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To the Editor.
—The clinicopathologic case report by Patrick R. O'Connor, MD, titled "Visceral Larva Migrans of the Eye" that appeared in the November Archives (88:526, 1972) raises several important issues. The author concludes that his patient, who had the clinical characteristics of Coats disease (peripheral retinal telangiectasia and aneurysms with subretinal yellow exudate and serous retinal detachment), actually harbored a toxocara larva. Although this is an intriguing hypothesis, I do not think that the author provides satisfactory histologic evidence that there was a larval infestation. The photomicrograph (Fig 3) showing cholesterol clefts and adjacent chronic inflammatory change is certainly not pathognomonic for a larval granuloma. In fact, this picture looks more like organized hemorrhage or lipid exudate and is frequently seen in Coats disease. Before this case can be accepted as an example of ocular toxocara infection, stricter histological criteria must be met. One would have to demonstrate classic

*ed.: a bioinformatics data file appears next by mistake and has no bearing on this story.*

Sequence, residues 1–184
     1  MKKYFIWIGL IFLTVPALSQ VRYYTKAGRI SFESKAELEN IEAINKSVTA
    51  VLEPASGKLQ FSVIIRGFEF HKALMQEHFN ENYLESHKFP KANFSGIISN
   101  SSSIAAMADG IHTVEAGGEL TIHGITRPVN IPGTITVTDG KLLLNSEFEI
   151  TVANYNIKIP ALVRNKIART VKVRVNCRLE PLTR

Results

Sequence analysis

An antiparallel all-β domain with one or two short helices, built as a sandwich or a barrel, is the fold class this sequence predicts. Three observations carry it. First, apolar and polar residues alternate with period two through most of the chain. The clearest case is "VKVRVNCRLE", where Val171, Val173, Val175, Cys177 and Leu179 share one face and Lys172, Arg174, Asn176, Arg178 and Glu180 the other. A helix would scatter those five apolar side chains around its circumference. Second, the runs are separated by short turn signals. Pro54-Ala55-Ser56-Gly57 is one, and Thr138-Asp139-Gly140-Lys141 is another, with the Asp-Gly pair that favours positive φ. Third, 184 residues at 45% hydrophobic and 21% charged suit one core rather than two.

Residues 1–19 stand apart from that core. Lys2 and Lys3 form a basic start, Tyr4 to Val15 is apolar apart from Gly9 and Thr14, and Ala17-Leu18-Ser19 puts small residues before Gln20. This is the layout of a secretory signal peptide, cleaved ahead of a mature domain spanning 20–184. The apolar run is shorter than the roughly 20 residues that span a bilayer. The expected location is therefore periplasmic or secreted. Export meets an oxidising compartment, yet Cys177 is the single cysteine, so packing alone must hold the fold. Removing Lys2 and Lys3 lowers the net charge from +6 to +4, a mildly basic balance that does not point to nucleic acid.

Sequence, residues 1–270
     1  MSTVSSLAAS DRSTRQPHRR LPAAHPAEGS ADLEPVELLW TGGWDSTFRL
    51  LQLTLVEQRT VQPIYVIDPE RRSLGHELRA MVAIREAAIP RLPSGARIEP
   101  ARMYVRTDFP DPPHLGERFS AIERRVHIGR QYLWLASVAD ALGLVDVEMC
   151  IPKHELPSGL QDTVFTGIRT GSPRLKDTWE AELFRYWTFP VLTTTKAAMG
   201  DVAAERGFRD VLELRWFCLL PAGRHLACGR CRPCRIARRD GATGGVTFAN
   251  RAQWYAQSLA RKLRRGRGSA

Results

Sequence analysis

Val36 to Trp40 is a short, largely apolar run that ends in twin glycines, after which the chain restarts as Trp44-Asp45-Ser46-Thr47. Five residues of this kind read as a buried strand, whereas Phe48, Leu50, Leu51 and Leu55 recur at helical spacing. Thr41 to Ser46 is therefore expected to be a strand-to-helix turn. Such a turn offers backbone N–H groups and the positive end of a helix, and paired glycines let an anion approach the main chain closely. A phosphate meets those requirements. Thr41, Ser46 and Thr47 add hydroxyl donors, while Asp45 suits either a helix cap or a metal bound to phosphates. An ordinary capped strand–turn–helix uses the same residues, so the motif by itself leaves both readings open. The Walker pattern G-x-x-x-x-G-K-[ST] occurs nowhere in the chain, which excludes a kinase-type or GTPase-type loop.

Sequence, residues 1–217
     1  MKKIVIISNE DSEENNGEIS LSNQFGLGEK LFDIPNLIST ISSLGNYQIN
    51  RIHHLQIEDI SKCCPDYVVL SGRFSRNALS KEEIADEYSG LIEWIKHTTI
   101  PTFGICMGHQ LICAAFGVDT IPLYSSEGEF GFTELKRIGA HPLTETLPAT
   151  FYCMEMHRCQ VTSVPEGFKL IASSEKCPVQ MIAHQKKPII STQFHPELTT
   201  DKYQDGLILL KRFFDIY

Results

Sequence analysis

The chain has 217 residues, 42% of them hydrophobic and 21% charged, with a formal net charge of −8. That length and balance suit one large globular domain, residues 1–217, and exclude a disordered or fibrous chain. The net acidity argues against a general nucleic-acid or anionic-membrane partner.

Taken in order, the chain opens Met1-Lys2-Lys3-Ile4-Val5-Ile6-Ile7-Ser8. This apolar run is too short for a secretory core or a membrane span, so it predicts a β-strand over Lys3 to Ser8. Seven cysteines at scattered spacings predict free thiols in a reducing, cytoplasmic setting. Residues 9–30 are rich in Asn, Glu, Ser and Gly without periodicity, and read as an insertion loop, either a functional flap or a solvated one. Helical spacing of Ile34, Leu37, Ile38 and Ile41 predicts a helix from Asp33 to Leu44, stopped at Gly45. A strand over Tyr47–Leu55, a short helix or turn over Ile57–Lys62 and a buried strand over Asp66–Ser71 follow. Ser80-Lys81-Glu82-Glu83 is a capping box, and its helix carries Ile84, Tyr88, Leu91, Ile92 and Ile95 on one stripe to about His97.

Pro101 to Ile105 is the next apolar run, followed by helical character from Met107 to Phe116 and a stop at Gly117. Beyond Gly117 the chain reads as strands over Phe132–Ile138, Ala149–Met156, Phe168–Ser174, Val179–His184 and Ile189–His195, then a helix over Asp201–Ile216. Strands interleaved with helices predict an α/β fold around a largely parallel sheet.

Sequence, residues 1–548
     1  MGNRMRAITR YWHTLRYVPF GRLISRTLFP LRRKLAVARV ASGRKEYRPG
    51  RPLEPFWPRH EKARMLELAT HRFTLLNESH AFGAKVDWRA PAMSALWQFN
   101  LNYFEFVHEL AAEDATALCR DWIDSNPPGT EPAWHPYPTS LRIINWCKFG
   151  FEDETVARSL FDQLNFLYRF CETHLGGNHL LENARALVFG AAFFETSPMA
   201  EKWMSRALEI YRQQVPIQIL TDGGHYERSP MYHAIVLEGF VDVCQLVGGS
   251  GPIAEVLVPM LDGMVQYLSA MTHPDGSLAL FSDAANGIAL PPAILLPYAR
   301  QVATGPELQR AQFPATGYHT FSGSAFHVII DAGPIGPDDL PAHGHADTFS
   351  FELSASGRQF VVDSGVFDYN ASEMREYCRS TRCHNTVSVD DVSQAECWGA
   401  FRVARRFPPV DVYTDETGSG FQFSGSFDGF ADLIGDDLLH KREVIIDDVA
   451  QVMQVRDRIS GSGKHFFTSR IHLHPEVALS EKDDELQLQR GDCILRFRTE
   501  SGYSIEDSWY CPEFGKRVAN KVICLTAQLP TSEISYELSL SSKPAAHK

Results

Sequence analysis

Bresnick GH. Visceral Larva Migrans. Arch Ophthalmol. 1973;89(5):439–440. doi:10.1001/archopht.1973.01000040441022
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